There were about twenty men, of all nationalities, and as soon as they landed in the fo’c’sle they began pitching the bags and hammocks into the berths, all talking and swearing, for they were not in good humor, being about as wet as their luggage.
I had drawn up, and was standing on my little chest alongside my berth, when, without any ceremony or asking “by your leave,” an old grizzled shellback tossed into my clean berth a wet, dirty bag and hammock.
Although I had stood, half in awe, watching the scene, not venturing a word, this act of old Tom’s was too much, and laying my hand upon his arm I remonstrated: “Don’t do that! You’ll soil my sheets!”
Tom gave me a puzzled look for a moment, and exclaimed, “Who in thunder are you?”
I hastened to assure him that I was a sailor, one of the crew, and that was my berth, and my bed was made up. With a queer look he mounted my sea-chest and glanced into my berth. Never shall I forget his look of wonder, and the ineffable scorn conveyed in his tone as he turned around to his chum, and exclaimed with withering sarcasm, “Well I’m blessed, Joe,” (only he did not say “blessed”) “if the beggar ain’t got sheets!”
I made no reply, but I felt that in his eyes, at least, I was no sailor, and when they had gone to supper, shortly after, off came the sheets and pillow-cases, which were stored at the bottom of my chest, nevermore to do duty as bedding on that ship.
Two days after, the weather having cleared, the crew came on board, also the pilot and captain, and with a fine westerly breeze sail was made at the wharf, the fasts cast off, and the ship headed for the bar. As soon as crossed, the pilot was discharged, and all sail made, topmast stun’sail booms got up and run out, stun’sails got out and sent up, anchors secured, and everything movable about decks made fast.
All was bustle and excitement attendant upon leaving port, and particularly in this case, as the “Ariel” was a new ship, on her maiden voyage, and many a glance was cast over the ship’s side to note her speed. Meanwhile the log was hove, and showing better than ten knot, a general feeling of satisfaction was felt fore and aft. The sea was comparatively smooth, and everything new to me. I was in my element, long looked forward to, and entered into everything with a will. Where I did not fully understand all orders I went with the crowd, and took note of what was going on, managing to get along very well.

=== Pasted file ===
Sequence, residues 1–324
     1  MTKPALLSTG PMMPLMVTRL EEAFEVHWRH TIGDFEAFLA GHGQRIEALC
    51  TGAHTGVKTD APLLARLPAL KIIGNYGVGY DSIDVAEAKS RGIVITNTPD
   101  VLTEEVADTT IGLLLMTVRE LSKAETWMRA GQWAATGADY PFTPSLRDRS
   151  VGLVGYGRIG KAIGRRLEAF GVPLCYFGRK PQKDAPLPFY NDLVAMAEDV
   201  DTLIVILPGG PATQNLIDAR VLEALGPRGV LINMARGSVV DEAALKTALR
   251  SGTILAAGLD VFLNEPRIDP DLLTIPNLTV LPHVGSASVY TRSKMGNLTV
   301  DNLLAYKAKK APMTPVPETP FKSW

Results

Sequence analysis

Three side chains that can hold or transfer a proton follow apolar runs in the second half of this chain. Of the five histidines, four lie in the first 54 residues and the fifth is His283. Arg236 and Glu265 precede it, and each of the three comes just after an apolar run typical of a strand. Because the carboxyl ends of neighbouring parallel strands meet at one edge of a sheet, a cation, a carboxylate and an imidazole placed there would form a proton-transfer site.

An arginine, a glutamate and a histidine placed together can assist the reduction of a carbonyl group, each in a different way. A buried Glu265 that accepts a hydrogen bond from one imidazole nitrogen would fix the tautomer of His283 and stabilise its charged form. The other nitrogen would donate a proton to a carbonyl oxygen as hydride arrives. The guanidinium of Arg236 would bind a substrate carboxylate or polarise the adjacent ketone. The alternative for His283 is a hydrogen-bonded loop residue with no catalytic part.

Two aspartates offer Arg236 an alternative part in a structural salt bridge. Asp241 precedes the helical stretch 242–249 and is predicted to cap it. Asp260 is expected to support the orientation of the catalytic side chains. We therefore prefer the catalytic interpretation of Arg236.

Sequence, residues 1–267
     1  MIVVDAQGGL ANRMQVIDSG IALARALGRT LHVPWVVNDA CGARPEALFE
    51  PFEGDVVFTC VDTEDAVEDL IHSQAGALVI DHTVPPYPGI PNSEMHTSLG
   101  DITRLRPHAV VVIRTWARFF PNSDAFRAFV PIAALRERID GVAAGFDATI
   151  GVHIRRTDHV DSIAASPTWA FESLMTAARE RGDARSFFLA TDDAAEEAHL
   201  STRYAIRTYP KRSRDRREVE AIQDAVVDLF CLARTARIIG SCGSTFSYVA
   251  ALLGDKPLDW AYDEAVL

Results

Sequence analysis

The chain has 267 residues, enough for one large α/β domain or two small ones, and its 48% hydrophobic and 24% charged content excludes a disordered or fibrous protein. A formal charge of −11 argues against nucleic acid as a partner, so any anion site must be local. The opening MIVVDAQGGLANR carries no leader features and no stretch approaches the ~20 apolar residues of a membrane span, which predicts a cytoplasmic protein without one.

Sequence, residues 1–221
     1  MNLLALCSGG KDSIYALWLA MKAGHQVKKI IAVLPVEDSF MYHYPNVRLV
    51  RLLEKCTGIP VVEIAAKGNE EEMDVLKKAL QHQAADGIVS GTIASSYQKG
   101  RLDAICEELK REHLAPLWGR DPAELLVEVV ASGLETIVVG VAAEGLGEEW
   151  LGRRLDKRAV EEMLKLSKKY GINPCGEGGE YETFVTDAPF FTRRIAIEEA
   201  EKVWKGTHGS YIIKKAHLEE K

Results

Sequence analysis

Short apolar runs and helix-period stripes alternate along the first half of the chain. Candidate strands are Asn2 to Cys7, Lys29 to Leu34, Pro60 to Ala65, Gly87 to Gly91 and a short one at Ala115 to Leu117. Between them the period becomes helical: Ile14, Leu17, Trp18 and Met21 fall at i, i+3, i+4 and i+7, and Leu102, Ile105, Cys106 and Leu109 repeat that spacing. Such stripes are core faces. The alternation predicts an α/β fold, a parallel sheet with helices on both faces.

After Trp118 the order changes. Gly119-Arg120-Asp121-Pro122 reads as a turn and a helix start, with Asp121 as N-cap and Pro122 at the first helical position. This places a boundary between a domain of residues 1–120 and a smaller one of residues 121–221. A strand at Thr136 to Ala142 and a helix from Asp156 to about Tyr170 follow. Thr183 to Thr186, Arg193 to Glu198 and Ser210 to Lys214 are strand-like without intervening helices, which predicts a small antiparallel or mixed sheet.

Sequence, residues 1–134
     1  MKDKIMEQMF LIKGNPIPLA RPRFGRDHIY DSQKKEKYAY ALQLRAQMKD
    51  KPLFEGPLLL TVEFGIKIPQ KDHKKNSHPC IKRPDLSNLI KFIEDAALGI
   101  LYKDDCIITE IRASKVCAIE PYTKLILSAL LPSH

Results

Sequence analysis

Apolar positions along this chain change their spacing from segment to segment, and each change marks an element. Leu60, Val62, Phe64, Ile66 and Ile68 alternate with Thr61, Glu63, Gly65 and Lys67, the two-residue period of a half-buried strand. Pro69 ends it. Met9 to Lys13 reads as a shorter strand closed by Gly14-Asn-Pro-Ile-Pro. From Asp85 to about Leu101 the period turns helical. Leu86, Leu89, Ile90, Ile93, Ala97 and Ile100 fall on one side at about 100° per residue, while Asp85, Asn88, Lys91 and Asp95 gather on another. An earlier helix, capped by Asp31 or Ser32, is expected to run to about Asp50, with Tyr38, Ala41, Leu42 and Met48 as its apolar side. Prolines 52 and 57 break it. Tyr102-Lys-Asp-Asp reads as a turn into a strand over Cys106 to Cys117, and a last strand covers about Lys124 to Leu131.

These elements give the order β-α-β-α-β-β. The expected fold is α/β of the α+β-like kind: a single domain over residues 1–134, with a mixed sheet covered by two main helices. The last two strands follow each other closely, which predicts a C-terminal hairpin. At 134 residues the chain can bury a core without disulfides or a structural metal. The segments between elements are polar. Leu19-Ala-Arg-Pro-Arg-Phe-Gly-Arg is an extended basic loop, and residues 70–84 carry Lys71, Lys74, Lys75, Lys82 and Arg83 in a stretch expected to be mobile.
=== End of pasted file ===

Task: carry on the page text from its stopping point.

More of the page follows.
At four o’clock the crew were called aft and the watches chosen, after which the port, or mate’s, watch went below to supper, while the starboard, or second mate’s, cleared up decks. They put everything in order for the night, while the boys swept up.
At four bells, — six o’clock, — the mate’s watch again came on deck to relieve the starboard, who went below for supper, remaining until eight o’clock, — eight bells, — when they again came up, relieving the port watch, who went below until midnight.
I will here state that from four to eight o’clock P. M. is divided into two watches of two hours each, and this changes the watches each night; so that the port watch has eight hours below one night, i.e. from eight to twelve P. M. and from four to eight A. M., while the starboard has eight hours on deck, having only four hours below to sleep, i.e. from twelve midnight until four o’clock A. M. The “dog” watches, as they are called, serve to change the long watches, so that the two get their eight hours below every other night, and it is a rule that the second mate’s watch always has the eight hours on deck the first night at sea.
I had been chosen in the second mate’s watch, Mr. Henry Fabens’s, and went to supper at six, with the rest. It consisted of hash, salt meat, hard ship’s biscuit, and tea sweetened with molasses. After supper the men filled their pipes, smoked and “yarned” until eight bells, when they again went on deck, myself with them, to stand my first watch at sea.
The wheel was relieved, the lookout man mounted the steps to the to’gallant fo’c’sle, while the remainder of the watch either paced the deck from the break of the fo’c’sle to the stern of the long boat, or picked out a snug berth, sheltered from the wind, to spin a long “yarn” to while away the four hours that must intervene before they could turn into a warm berth.
Old Tom, who since the sheet and pillow-case business had hardly taken any notice of me, started to do a turn of walking, pacing regularly from the fo’c’sle to amidships and return.
I wonder how many youngsters today would be willing (let alone able) to leave home at the age of 12, and enter into a dangerous, hardworking career at sea? I suspect our ancestors were a hardier breed than we've become . . .